USDA proposes updates to strengthen Horse Protection Act

The United States Department of Agriculture’s (USDA) Animal and Plant Health Inspection Service (APHIS) is seeking public comments on a proposed rule to strengthen Horse Protection Act (HPA) requirements. The proposed changes intend to eliminate soring, the unethical and illegal practice of deliberately inflicting pain to exaggerate the leg motion of horses to gain an unfair advantage. Public comment is open until October 20. So far, more than 8,300 comments have been submitted.

The HPA prohibits sored horses from participating in shows, exhibitions, sales, or auctions. The HPA also bans the transportation of sored horses to or from these events.

The Horse Protection Act of 1970 (HPA) made soring illegal, but it still continues to occur.
Soring is a violation of federal law. The Horse Protection Act of 1970 (HPA) made soring illegal, but it still continues to occur. The AVMA condemns the practice of soring.

While soring has been illegal for more than 50 years, the practice continues because some owners and trainers believe it makes horses more successful in walking horse competitions. The naturally high gait of a walking horse is made more exaggerated with improper training methods. These methods may cause the horse to suffer from physical pain, distress, inflammation, or lameness while walking and moving.

Tennessee Walking Horses, Racking Horses, and Spotted Saddle Horses commonly suffer from the practice of soring.

The proposed changes to the HPA are as follows:

  • Relieve horse industry organizations and associations of their regulatory responsibilities.
  • Establish qualifying criteria for people applying to be inspectors as well as processes for denying applications.
  • Allow event management to appoint an APHIS representative to conduct inspections.
  • Prohibit any device, method, practice, or substance that could mask evidence of soring as well as all action devices, nontherapeutic pads and wedges, and substances applied above the hoof.
  • Clarify the “scar rule” by modifying the description of visible changes that indicate soring.
  • Amend record keeping and reporting requirements for management at horse shows, exhibitions, sales, and auctions to increase oversight and prevent previously disqualified individuals from participating in events.

The ban on nontherapeutic pads and wedges as well as artificial extensions would not be effective until 270 days after the final rule takes effect so as to allow the steps needed to reacclimate a Tennessee Walking horse or Racking Horse to walking and performing without them.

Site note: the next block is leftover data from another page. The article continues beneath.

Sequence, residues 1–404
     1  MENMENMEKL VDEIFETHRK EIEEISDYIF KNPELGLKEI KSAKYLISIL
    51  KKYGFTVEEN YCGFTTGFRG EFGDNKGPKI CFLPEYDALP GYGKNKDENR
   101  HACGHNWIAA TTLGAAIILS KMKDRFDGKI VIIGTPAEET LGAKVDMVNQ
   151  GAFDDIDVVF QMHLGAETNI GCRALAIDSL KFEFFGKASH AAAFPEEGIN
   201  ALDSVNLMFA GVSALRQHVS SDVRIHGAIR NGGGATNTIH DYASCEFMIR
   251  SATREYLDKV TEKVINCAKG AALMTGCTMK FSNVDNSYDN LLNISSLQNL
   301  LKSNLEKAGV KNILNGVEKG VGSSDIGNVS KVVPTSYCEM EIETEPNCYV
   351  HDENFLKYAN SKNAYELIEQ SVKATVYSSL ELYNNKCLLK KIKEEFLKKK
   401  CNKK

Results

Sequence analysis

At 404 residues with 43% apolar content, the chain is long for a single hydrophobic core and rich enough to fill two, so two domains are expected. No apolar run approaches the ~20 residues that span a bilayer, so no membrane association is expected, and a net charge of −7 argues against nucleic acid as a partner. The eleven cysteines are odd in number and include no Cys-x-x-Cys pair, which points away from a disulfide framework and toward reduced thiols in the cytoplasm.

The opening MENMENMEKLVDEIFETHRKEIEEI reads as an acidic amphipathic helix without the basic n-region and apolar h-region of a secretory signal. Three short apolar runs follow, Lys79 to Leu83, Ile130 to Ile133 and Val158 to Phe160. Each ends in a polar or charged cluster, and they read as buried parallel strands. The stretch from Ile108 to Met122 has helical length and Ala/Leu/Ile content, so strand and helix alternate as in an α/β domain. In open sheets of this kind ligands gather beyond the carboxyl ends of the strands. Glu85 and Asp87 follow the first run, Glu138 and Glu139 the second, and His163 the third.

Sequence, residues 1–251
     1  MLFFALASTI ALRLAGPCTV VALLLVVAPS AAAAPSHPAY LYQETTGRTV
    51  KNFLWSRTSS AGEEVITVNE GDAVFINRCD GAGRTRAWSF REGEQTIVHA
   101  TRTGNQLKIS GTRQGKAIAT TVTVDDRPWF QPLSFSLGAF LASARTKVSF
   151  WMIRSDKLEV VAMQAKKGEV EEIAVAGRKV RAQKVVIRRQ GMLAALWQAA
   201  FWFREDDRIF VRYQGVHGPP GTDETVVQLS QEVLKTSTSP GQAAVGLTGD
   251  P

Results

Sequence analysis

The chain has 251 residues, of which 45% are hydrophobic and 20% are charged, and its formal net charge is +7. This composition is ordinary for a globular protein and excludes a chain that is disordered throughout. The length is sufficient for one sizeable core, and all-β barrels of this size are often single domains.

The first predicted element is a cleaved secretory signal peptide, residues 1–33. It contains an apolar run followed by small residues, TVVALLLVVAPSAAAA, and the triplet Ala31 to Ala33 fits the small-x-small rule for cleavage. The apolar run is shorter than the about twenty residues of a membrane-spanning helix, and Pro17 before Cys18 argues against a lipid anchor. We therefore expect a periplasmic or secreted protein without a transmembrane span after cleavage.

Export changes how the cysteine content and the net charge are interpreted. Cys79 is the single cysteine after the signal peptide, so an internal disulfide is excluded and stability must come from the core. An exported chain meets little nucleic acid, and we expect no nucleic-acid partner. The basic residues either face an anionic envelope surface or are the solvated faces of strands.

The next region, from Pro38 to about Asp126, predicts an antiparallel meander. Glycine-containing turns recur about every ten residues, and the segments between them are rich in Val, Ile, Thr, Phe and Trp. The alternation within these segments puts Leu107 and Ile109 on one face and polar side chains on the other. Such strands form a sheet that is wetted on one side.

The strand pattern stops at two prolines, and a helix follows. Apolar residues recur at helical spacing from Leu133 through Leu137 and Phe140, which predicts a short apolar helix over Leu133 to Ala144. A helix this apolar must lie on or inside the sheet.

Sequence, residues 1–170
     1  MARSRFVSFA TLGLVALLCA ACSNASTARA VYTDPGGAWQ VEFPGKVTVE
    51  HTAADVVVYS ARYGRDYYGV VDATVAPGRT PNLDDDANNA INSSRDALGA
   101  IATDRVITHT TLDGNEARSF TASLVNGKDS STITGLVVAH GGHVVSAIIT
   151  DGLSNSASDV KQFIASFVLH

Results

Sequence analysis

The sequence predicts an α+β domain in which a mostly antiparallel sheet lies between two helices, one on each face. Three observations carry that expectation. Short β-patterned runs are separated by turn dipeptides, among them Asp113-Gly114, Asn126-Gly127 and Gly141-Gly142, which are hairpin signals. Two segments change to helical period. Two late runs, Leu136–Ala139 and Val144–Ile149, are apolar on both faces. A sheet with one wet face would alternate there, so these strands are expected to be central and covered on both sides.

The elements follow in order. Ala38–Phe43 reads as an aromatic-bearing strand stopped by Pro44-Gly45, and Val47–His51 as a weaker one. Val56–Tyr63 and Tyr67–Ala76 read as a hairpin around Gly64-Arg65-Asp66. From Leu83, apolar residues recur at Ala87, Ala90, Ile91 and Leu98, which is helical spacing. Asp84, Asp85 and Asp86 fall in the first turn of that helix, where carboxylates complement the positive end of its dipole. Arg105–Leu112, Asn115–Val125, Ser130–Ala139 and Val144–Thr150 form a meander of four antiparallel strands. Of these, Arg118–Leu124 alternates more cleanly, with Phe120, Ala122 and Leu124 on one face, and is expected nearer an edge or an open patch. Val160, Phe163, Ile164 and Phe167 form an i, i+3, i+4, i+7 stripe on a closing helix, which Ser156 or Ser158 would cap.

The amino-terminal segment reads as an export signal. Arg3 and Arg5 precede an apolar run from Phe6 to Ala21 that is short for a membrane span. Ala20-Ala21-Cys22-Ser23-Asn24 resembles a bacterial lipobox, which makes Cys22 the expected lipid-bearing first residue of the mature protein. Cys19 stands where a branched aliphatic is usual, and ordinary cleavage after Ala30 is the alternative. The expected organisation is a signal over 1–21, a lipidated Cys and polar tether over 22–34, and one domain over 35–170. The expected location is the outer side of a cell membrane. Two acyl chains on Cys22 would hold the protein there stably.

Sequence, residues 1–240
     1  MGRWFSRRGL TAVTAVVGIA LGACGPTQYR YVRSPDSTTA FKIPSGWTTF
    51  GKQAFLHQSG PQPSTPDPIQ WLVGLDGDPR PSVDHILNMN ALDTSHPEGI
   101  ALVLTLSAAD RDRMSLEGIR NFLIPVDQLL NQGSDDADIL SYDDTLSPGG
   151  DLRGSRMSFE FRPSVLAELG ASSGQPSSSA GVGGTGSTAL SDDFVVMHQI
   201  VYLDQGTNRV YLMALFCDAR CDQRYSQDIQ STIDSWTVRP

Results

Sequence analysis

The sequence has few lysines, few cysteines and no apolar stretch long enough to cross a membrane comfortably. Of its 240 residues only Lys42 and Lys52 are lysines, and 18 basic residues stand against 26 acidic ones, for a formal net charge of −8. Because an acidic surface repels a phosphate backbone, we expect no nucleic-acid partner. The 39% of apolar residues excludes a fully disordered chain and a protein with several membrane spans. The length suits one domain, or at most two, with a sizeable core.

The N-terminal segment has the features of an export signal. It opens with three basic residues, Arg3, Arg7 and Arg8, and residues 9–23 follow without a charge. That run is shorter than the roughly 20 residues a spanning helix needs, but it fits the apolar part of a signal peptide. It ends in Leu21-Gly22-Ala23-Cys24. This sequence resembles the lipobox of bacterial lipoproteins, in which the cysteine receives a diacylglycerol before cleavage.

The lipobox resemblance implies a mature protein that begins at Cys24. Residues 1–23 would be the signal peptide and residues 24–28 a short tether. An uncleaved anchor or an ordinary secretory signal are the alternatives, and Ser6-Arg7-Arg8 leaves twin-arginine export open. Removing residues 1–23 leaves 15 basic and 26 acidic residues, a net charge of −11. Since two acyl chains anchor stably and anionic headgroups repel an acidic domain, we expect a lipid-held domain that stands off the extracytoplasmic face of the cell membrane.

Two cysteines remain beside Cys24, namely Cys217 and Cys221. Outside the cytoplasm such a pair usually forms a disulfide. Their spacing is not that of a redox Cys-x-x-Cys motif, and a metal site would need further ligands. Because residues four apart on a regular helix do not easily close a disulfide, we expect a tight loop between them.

APHIS is also seeking additional public comment on potential ways to resolve disputes that arise from a designated qualified person or APHIS inspector determining a horse is sore, including options for doing so before a show takes place.

Cumulatively, APHIS anticipates these changes will allow the agency to screen, train and authorize qualified persons to conduct inspections at horse shows, horse exhibitions, horse sales, and horse auctions to ensure compliance with the HPA, according to an August 16 announcement.

The AVMA and American Association of Equine Practitioners (AAEP) both plan to submit comments reflecting their support and concern regarding details with the proposed rule.

Keith Kleine, director of industry relations at the AAEP, said, “We appreciate USDA APHIS introducing its proposed rule changes that in early review show many promising improvements to help mitigate the abuse of these horses and the intentional infliction of pain to create the exaggerated gait known as the ‘big lick’ in the show ring.”

The AVMA policy “Practice of Soring” endorses the AAEP’s position statement, which condemns the practice. The AVMA also has the policy “Use of Action Devices and Performance Packages for Tennessee Walking Horses,” which supports a ban on the use of these methods.

Previously, APHIS announced proposed changes in 2016 to strengthen regulations and enforcement of the HPA. The agency announced the final rule January 19, 2017, but then withdrew it from public inspection after a memo from the White House ordered that all unpublished rules be sent back to their relevant agencies for review.

APHIS then announced in December 2021 it was withdrawing a proposed regulation on detecting soring in certain performance horses in light of a report from the National Academies of Sciences, Engineering, and Medicine.

The agency published a proposed rule to withdraw the 2017 rule on July 20, which was available for public comment through August 21. Now, the agency is submitting the revised proposed rule to strengthen regulations and modernize APHIS’s approach to the issue of horse soring.

The AVMA has a Soring in Horses FAQ and the U.S. Department of Agriculture’s Animal and Plant Health Inspection Service has more information online about the Horse Protection Act.